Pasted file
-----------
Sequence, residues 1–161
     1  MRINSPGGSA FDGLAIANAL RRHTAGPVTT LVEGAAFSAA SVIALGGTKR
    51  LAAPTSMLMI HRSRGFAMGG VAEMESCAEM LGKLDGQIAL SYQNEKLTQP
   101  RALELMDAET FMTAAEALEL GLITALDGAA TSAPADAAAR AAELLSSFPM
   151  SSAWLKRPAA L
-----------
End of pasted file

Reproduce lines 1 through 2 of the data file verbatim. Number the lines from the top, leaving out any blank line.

Sequence, residues 1–161
     1  MRINSPGGSA FDGLAIANAL RRHTAGPVTT LVEGAAFSAA SVIALGGTKR